• AVX registers. I don’t own an AVX capable machine. You can donate one to me if you wish 😛 ZMM registers means adding support for 16 sub-registers. You can extend the support though. It’s very easy. Look for RegisterHandler::writePrettyOutput function.
  • Toggle sub-registers off. XMM sub-registers are always shown.
  • On the first break, some xmm subregisters may not be in red, while others are. That’s because there is no data to compare to and the “previous state” is defaulted to zero. Thus if the actual data contains zeroes, it won’t be marked in red (i.e. a minor bug).
  • ARM enhanced support. I didn’t try ARM. It should work out of the box, but there is no “enhanced” experienced (i.e. ensuring all registers that are related are displayed together, useful conversions, stuff like that).

Now only one really annoying debugging bug remains in Qt Creator: I like to navigate the “Locals and Expressions” window with arrow keys. But whenever Qt requests more data from GDB (i.e. I expanded an element to see its children), the window is refreshed and though the scroll is retained, the selection is reset to the very first element, so on my arrow key stroke the window scrolls back to the top. I have to use the mouse instead. REALLY annoying.

Let’s hope this contribution makes into the main branch. The debugger really needs care.

Just in case you missed, here’s the repo with source code again.


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4 thoughts on “Enhanced “Registers” window in Qt Creator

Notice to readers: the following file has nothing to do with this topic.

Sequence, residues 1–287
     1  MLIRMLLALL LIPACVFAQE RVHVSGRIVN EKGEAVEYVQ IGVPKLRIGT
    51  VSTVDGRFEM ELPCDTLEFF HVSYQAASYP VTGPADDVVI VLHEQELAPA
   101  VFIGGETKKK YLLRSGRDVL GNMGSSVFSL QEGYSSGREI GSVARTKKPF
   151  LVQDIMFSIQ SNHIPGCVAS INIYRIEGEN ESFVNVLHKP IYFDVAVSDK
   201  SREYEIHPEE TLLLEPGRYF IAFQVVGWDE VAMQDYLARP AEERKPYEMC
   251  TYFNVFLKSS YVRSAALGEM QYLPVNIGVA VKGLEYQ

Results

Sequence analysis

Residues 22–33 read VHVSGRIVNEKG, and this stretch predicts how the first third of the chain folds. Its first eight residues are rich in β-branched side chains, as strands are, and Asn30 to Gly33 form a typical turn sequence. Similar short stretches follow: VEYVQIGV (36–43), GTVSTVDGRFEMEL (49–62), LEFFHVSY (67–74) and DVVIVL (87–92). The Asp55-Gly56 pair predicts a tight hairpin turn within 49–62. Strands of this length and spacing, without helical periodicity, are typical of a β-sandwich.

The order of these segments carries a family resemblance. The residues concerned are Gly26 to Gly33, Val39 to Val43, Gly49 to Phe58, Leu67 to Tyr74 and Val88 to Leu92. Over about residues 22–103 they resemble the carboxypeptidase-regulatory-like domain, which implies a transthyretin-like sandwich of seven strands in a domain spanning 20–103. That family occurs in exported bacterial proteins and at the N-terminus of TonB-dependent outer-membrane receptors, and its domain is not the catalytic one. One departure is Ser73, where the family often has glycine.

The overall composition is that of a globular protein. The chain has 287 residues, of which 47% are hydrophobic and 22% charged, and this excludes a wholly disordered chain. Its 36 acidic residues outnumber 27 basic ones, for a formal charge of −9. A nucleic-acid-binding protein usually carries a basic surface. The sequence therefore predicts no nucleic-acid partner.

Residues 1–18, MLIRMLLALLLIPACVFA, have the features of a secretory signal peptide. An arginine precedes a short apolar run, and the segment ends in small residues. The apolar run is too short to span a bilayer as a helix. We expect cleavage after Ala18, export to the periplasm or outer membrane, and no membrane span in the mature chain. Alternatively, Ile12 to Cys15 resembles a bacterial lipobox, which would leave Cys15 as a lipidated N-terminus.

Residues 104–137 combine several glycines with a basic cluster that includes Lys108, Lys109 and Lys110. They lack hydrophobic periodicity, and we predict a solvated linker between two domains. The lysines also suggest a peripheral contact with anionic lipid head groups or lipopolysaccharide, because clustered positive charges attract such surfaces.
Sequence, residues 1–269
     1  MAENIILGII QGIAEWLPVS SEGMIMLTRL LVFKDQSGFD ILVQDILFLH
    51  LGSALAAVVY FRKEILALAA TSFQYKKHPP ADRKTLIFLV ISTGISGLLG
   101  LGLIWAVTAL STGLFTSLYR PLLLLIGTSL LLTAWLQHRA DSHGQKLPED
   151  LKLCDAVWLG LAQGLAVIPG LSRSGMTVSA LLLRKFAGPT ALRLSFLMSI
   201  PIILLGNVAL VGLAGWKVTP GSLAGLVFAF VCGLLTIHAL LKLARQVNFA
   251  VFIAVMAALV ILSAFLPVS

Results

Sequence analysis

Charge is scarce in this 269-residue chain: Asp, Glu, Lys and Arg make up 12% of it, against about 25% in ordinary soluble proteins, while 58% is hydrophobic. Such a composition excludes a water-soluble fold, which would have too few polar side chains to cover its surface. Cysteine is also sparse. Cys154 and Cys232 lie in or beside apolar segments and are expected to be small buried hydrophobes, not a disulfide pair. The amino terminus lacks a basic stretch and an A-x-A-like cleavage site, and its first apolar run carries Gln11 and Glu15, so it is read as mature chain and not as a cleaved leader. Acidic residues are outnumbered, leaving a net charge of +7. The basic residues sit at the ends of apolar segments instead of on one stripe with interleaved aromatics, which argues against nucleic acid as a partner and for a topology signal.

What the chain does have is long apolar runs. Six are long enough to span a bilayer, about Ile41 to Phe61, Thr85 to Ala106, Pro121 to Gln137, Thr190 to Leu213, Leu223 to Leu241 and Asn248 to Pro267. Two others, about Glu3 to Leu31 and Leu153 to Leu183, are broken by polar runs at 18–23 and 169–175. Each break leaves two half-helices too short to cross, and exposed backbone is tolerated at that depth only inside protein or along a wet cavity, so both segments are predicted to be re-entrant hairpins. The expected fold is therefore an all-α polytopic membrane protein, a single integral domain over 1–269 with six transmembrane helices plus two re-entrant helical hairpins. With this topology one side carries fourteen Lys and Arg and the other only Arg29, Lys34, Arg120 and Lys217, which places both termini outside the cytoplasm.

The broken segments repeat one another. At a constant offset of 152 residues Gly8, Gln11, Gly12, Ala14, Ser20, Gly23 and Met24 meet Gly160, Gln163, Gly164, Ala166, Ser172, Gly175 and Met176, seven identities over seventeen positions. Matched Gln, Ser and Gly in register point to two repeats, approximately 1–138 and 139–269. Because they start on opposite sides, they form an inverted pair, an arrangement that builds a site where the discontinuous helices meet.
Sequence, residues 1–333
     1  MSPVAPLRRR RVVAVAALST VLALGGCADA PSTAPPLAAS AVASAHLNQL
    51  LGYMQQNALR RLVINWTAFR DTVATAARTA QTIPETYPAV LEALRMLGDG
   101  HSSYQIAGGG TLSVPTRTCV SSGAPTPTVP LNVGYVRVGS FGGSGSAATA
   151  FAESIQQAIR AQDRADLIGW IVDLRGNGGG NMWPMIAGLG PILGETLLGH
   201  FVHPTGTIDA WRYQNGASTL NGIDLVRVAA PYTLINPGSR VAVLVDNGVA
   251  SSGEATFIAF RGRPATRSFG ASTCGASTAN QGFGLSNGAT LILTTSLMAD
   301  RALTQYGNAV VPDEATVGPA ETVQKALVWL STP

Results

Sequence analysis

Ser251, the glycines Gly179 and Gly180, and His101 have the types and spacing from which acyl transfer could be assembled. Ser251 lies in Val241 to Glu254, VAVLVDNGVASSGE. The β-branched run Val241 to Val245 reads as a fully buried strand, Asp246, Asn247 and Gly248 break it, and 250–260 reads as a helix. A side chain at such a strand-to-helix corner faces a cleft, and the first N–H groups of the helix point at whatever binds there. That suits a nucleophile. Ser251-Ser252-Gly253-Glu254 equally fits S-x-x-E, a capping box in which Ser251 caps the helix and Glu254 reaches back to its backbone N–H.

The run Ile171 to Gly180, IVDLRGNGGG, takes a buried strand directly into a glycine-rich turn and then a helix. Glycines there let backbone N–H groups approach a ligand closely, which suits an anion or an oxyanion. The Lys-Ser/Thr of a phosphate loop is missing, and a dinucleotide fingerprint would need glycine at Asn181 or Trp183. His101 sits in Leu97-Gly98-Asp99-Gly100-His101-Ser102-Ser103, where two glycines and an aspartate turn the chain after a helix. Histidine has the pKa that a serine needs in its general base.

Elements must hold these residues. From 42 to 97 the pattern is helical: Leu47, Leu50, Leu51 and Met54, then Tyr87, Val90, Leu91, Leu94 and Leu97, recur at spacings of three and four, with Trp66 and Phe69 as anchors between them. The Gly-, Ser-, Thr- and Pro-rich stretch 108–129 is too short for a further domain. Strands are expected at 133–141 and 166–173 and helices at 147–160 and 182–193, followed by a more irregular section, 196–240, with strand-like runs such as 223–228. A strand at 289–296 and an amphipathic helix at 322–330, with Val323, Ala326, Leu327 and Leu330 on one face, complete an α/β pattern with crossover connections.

• y

    Can your improved register window handle denormals? I think that would be great feature.
    As you know this kind of floats can be very paintful for CPU performance (I think more than Inf/Nan-s).
    Next thing. “ZMM registers means adding support for 16 sub-registers”- I guess you mean YMM registers.

    Keep posting. I read all stuff from your blog and can’t wait on next useful informations.

    • Matias Post author

      I haven’t checked denormals to be honest. That’s a good point. When I’ve got some time I’ll try.

      “I guess you mean YMM registers.”. No, ZMM registers. They’re 512-bit wide and come with AVX-512 (no CPU in the market has this capabilities yet, they’re scheduled for 2015).
      YMM are 256-bit wide and come with AVX

      “Keep posting. I read all stuff from your blog and can’t wait on next useful informations.”
      Thanks! It’s hard to keep posting frequently due to other commitments, but I always try 🙂

    • Matias Post author

      1. Download the regular QtCreator from Qt website.
      2. Clone the code from the repository (https://gitorious.org/qt-creator/dark_sylinc-qt-creator-debugger-enhancements.git) into your drive.
      3. Open project file qtcreator.pro in QtCreator
      4. Configure the project if it asks you to (probably will ask you for the location on where to build)
      5. Hit Ctrl+B to Build.
      6. Wait and you’re done. The binary files will be wherever QtCreator is being built. Launch that executable and you will be using the custom version.

      Note that my fork is now behind from the official QtCreator source code, but with a bit of luck merging with the latest changes should give no or barely any merge conflicts.